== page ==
Editor's Note: This story was updated on March 3 at 10:10 a.m. E.T.
A Chinese statue of a sitting Buddha has revealed a hidden surprise: Inside, scientists found the mummified remains of a monk who lived nearly 1,000 years ago.
The mummy may have once been a respected Buddhist monk who, after death, was worshipped as an enlightened being, one who helped the living end their cycle of suffering and death, said Vincent van Vilsteren, an archaeology curator at the Drents Museum in the Netherlands, where the mummy (from inside the Buddha statue) was on exhibit last year.
The secret hidden in the gold-painted statue was first discovered when preservationists began restoring the statue many years ago. But the human remains weren't studied in detail until researchers took scans and samples of tissue from the mummy late last year.
The papier-mâché statue, which has the dimensions, roughly, of a seated person and is covered in lacquer and gold paint, has a murky history. It was likely housed in a monastery in Southeastern China for centuries. It may have been taken from the country during the Cultural Revolution, a tumultuous period of social upheaval in Communist China starting in 1966 when Chairman Mao Zedong urged citizens to seize property, dismantle educational systems and attack "bourgeois" cultural institutions. (The current owner bought the statue legally.)
The statue was bought and sold again in the Netherlands, and in 1996, a private owner decided to have someone fix the chips and cracks that marred the gold-painted exterior. However, when the restorer removed the statue from its wooden platform, he noticed two pillows emblazoned with Chinese text placed beneath the statues' knees. When he removed the pillows, he discovered the human remains.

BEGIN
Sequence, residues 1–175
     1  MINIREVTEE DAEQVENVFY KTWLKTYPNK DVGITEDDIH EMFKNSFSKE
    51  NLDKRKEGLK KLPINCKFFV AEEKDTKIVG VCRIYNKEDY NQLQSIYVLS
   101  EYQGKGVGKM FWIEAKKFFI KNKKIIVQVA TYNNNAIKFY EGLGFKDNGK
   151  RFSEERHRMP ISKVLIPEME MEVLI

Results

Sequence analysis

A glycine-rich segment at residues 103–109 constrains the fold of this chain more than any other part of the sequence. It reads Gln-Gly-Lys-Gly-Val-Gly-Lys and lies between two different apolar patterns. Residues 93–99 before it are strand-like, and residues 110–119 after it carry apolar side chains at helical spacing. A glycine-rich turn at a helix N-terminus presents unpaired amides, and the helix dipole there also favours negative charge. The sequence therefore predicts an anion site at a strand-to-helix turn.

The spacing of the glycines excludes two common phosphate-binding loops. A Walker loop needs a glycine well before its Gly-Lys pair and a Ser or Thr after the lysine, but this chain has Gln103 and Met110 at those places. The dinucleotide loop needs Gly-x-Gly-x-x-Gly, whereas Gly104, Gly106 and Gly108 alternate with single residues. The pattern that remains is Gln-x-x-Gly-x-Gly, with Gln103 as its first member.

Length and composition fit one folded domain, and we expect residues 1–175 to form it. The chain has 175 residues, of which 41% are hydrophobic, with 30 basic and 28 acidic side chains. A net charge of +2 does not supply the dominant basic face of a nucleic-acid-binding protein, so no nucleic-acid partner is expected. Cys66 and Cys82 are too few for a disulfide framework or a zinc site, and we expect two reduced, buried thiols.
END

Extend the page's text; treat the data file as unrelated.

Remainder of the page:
"He looked right into the bottom of this monk," van Vilsteren told Live Science. "You can see part of the bones and tissue of his skin."
The mummy was sitting on a rolled textile carpet covered in Chinese text.
Researchers then used radioactive isotopes of carbon to determine that the mummy likely lived during the 11th or 12th century, while the carpet was about 200 years older, van Vilsteren said. (Isotopes are variations of elements with different numbers of neutrons.)
In 2013, researchers conducted a CT scan of the mummy at Mannheim University Hospital in Germany, revealing the remains in unprecedented detail. In a follow-up scan at the Meander Medical Center in Amersfoort, Netherlands, the researchers discovered that what they thought was lung tissue actually consisted of tiny scraps of paper with Chinese text on them.
The text found with the mummy suggests he was once the high-status monk Liuquan, who may have been worshipped as a Buddha, or a teacher who helps to bring enlightenment after his death.
Last year, the mummy was on display at the "Mummies – Life Beyond Death" exhibit at the Drents Museum in Netherlands, before moving to the Hungarian Natural History Museum in Budapest.
Mummies from this period are fairly common in Asia. For instance, researchers in Mongolia recently found a 200-year-old mummified monk still in the lotus position, the traditional cross-legged meditative pose.
It's not clear exactly how Liuquan became a mummy, but "in China, and also in Japan and Laos and Korea, there's a tradition of self-mummification," van Vilsteren said.
In some cases, aging Buddhist monks would slowly starve themselves to eliminate decay-promoting fat and liquid, while subsisting mainly on pine needles and resin to facilitate the mummification process, according to "Living Buddhas: The Self-Mummified Monks of Yamagata, Japan," (McFarland, 2010). Once these monks were near death, they would be buried alive with just a breathing tube to keep them holding on so they could meditate until death.
"There are historical records of some aging monks who have done this practice," van Vilsteren said. "But if this is also the case with this monk is not known."
Editor's Note: This story was updated to note that the current owner of the Buddha bought the statue legally.
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Tia is the managing editor and was previously a senior writer for Live Science. Her work has appeared in Scientific American, Wired.com and other outlets. She holds a master's degree in bioengineering from the University of Washington, a graduate certificate in science writing from UC Santa Cruz and a bachelor's degree in mechanical engineering from the University of Texas at Austin. Tia was part of a team at the Milwaukee Journal Sentinel that published the Empty Cradles series on preterm births, which won multiple awards, including the 2012 Casey Medal for Meritorious Journalism.